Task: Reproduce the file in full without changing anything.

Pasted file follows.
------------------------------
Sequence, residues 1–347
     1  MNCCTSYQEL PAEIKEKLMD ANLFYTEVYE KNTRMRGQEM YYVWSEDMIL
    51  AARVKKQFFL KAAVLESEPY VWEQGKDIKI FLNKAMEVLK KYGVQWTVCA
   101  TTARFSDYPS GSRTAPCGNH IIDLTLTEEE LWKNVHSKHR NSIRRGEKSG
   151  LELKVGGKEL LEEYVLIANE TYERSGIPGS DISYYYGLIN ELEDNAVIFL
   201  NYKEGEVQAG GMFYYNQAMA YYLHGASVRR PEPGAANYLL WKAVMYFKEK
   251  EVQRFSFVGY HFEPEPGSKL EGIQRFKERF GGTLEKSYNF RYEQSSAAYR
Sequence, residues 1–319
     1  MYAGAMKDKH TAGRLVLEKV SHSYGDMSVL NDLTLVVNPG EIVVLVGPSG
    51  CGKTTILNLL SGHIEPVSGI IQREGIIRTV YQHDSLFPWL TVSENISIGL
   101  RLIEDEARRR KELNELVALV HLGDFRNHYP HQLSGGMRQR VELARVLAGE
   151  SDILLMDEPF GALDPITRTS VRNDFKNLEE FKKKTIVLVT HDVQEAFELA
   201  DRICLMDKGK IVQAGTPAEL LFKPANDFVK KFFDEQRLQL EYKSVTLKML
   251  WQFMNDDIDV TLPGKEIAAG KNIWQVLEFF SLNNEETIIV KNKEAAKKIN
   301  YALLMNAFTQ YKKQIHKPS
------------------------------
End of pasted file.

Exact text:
Sequence, residues 1–347
     1  MNCCTSYQEL PAEIKEKLMD ANLFYTEVYE KNTRMRGQEM YYVWSEDMIL
    51  AARVKKQFFL KAAVLESEPY VWEQGKDIKI FLNKAMEVLK KYGVQWTVCA
   101  TTARFSDYPS GSRTAPCGNH IIDLTLTEEE LWKNVHSKHR NSIRRGEKSG
   151  LELKVGGKEL LEEYVLIANE TYERSGIPGS DISYYYGLIN ELEDNAVIFL
   201  NYKEGEVQAG GMFYYNQAMA YYLHGASVRR PEPGAANYLL WKAVMYFKEK
   251  EVQRFSFVGY HFEPEPGSKL EGIQRFKERF GGTLEKSYNF RYEQSSAAYR
Sequence, residues 1–319
     1  MYAGAMKDKH TAGRLVLEKV SHSYGDMSVL NDLTLVVNPG EIVVLVGPSG
    51  CGKTTILNLL SGHIEPVSGI IQREGIIRTV YQHDSLFPWL TVSENISIGL
   101  RLIEDEARRR KELNELVALV HLGDFRNHYP HQLSGGMRQR VELARVLAGE
   151  SDILLMDEPF GALDPITRTS VRNDFKNLEE FKKKTIVLVT HDVQEAFELA
   201  DRICLMDKGK IVQAGTPAEL LFKPANDFVK KFFDEQRLQL EYKSVTLKML
   251  WQFMNDDIDV TLPGKEIAAG KNIWQVLEFF SLNNEETIIV KNKEAAKKIN
   301  YALLMNAFTQ YKKQIHKPS